When a marriage is over, it can be difficult to envision working together toward a common goal. After all, if you were getting along, there might not be a need for a divorce. However, just because the relationship as a couple is over does not mean that it is unfeasible to work together as parents to minimize the impact of a New Jersey divorce on the children.
During the process, parents can make the agreement not to speak ill of each other or argue in front of the children. They should also not be made to feel as though they are messengers for the parents because they are unable to talk to each other. What they need most during this time is to know that despite the circumstances, both parents love them and want what is best for them.
This includes finding a way to make the transition from one household to two as seamless as possible. It will be impossible to avoid some upset, but it can be minimized if parents work together. Whatever plan the parents come up with, they could serve as the foundation of their permanent child custody agreement. A parenting plan often includes more than just a visitation schedule, and the actions taken by parents in the weeks following the filing of the divorce could set the tone for the agreement.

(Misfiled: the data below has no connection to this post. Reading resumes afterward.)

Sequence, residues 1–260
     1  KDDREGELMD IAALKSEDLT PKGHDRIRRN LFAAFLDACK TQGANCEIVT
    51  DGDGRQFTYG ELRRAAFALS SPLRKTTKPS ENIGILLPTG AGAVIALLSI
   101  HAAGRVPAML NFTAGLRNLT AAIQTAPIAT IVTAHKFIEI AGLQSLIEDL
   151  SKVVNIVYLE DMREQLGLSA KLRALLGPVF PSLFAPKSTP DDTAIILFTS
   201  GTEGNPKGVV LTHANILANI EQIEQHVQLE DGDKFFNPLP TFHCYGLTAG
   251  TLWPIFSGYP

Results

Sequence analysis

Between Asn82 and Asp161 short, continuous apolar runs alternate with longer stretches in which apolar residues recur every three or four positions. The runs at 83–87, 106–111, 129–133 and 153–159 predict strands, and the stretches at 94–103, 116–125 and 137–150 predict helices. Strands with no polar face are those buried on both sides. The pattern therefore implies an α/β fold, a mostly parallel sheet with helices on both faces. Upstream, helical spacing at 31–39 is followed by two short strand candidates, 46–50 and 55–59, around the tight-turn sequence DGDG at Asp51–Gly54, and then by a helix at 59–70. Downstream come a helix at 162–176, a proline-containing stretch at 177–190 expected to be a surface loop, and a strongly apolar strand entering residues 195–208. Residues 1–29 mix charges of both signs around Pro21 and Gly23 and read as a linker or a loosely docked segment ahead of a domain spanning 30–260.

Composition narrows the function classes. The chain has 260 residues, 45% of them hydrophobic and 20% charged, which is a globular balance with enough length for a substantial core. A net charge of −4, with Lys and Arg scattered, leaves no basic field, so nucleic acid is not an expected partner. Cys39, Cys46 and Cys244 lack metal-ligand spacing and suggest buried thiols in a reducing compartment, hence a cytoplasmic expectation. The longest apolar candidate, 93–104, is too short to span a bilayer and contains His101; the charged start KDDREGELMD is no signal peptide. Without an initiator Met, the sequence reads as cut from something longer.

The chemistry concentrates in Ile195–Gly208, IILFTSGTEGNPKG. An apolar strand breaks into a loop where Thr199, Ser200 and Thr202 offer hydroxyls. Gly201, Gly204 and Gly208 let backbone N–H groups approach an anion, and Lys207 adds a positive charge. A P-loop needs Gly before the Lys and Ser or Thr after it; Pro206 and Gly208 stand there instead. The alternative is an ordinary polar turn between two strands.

Regardless of what decisions the parents make, how they feel about each other as a couple should not be a consideration. In most cases, New Jersey residents would not deny that the other parent loves the children and deserves to be part of their lives despite the divorce. Furthermore, if the parties are able to negotiate their own child custody agreement, they are often more invested in making sure that it will work for the whole family and will adhere to its provisions.
Source: lifehacker.com, "Three Ways to Make a Divorce Easier on Your Kids", Heather Yamada-Hosley, Aug. 30, 2016